I’m a white cishet female. I see myself nearly everywhere I look, even if it’s not always in tasteful or pleasant ways. Seeing a day’s worth of beautiful black men, women, and genderqueer/non-binary post selfies throughout the internet really hit home how little their stunning faces and stories are seen in mainstream culture. Some of the posts, including this one, brought tears to my eyes. These stories — these lives — matter.
To honor those faces and stories, I wanted to take the opportunity to highlight three YA books this week that feature black characters up front and center on book covers. These are books that tell stories of black teens, and they’re stories where black teens can see themselves on the book.
I want more of these stories. I want more of these covers. And I want them seen and heard.
This Side of Home by Renee Watson
Identical twins Nikki and Maya have been on the same page for everything—friends, school, boys and starting off their adult lives at a historically African-American college. But as their neighborhood goes from rough-and-tumble to up-and-coming, suddenly filled with pretty coffee shops and boutiques, Nikki is thrilled while Maya feels like their home is slipping away. Suddenly, the sisters who had always shared everything must confront their dissenting feelings on the importance of their ethnic and cultural identities and, in the process, learn to separate themselves from the long shadow of their identity as twins.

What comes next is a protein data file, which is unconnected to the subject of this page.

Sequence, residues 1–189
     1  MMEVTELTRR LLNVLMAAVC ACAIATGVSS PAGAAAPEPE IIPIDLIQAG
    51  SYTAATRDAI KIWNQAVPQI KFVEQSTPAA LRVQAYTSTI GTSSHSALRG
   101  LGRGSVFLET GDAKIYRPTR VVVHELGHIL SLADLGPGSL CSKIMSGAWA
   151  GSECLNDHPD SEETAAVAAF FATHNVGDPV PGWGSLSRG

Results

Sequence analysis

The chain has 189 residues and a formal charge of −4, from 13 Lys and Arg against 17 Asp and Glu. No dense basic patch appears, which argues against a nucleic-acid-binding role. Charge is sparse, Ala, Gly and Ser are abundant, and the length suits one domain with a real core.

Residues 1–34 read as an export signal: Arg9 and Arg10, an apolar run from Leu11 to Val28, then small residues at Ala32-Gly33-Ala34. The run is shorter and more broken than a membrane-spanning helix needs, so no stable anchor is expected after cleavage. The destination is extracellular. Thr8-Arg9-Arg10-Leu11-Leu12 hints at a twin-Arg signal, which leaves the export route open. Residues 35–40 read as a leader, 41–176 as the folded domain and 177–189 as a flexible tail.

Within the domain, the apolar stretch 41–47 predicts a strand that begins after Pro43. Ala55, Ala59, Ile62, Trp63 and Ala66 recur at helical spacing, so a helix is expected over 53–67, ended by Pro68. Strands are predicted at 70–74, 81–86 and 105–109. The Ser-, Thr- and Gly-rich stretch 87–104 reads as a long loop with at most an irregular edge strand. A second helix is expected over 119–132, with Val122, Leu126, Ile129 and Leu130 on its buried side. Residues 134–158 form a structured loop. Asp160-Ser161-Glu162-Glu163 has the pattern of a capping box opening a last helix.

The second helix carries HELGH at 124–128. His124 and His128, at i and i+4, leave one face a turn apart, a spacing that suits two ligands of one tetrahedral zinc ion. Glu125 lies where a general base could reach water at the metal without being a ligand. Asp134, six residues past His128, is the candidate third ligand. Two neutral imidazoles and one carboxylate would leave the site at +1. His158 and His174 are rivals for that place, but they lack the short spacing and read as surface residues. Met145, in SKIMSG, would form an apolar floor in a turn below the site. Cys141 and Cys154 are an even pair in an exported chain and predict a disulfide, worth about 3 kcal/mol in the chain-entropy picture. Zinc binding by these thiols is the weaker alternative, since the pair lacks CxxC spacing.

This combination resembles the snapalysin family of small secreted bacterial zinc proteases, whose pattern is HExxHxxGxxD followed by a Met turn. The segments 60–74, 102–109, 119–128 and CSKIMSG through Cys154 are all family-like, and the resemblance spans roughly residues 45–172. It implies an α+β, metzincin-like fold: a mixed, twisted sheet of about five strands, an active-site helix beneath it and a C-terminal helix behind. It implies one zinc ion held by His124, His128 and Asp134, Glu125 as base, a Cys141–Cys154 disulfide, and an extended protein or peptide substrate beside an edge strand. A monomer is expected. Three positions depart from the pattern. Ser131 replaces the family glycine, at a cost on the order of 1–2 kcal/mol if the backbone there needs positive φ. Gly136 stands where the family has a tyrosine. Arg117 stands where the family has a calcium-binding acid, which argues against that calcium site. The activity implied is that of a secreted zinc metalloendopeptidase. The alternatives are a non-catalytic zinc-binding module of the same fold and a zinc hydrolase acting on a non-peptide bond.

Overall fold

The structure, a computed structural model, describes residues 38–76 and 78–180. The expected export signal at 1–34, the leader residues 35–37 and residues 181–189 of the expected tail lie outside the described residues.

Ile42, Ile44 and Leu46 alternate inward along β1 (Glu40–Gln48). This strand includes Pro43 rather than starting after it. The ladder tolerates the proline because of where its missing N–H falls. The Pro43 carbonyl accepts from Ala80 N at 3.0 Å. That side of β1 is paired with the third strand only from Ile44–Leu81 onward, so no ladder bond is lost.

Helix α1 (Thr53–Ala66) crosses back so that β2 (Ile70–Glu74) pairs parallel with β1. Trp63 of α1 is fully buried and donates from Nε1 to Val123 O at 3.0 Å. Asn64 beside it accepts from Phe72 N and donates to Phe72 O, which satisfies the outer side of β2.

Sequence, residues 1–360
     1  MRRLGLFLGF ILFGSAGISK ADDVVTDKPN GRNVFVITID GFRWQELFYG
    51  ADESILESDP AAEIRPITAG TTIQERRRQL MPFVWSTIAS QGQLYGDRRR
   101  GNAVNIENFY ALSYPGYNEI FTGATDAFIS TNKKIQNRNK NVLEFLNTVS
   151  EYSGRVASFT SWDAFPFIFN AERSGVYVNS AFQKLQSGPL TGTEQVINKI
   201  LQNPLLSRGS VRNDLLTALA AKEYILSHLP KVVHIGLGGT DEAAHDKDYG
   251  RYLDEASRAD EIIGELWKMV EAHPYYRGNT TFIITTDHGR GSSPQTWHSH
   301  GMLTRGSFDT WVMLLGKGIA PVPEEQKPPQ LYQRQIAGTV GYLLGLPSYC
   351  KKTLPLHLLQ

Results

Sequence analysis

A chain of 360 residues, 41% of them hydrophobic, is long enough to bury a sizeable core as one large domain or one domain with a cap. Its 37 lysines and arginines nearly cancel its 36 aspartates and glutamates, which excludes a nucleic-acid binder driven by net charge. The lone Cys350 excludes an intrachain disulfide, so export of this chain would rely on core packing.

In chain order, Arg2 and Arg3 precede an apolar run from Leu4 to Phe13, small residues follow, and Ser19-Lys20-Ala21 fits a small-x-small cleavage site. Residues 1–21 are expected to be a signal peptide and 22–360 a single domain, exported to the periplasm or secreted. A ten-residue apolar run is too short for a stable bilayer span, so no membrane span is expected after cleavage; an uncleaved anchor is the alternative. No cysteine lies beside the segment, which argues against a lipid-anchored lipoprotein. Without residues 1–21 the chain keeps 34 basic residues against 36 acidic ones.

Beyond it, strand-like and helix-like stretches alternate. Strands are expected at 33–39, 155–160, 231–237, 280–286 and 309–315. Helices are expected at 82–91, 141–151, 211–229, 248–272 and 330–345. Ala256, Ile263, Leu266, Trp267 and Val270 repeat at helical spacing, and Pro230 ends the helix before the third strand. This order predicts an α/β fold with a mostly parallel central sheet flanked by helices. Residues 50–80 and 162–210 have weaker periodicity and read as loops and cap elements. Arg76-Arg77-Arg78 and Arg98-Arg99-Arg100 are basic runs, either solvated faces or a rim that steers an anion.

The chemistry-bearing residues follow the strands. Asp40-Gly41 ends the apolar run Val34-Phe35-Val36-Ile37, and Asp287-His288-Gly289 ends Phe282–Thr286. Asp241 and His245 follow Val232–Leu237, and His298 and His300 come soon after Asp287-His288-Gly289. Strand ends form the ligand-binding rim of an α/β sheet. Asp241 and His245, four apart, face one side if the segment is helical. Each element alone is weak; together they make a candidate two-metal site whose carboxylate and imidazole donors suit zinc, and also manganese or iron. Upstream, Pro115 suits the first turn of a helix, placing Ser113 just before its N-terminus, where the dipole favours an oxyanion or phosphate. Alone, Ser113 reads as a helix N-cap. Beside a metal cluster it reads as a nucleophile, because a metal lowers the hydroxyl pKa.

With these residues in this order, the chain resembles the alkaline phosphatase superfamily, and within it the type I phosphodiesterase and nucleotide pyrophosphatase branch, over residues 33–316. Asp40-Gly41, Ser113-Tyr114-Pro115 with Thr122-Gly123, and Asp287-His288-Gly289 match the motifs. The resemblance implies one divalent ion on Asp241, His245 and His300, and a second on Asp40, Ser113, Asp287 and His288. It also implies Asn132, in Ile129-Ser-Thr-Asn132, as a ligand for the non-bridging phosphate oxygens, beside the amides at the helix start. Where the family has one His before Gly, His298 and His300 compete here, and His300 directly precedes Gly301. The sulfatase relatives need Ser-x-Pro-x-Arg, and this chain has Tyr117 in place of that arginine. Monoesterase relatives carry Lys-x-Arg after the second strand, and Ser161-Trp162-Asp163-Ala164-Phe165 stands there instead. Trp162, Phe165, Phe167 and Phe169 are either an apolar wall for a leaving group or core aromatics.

Mare’s War by Tanita S. Davis
Meet Mare, a World War II veteran and a grandmother like no other. She was once a willful teenager who escaped her less than perfect life in the deep South and lied about her age to join the African American Battalion of the Women’s Army Corps. Now she is driving her granddaughters—two willful teenagers in their own rite—on a cross-country road trip. The girls are initially skeptical of Mare’s flippy wigs and stilettos, but they soon find themselves entranced by the story she has to tell, and readers will be, too.
Told in alternating chapters, half of which follow Mare through her experiences as a WAC and half of which follow Mare and her granddaughters on the road in the present day, this novel introduces readers to a larger-than-life character and a fascinating chapter in African American history.
This is, hands down, one of the most eye-catching and gorgeous YA covers out there.
Transcendence by C. J. Omololu
When a visit to the Tower of London triggers an overwhelmingly real vision of a beheading that occurred centuries before, Cole Ryan fears she is losing her mind. A mysterious boy, Griffon Hall, comes to her aid, but the intensity of their immediate connection seems to open the floodgate of memories even wider.
As their feelings grow, Griffon reveals their common bond as members of the Akhet—an elite group of people who can remember past lives and use their collected wisdom for the good of the world. But not all Akhet are altruistic, and a rogue is after Cole to avenge their shared past. Now in extreme danger, Cole must piece together clues from many lifetimes. What she finds could ruin her chance at a future with Griffon, but risking his love may be the only way to save them both.
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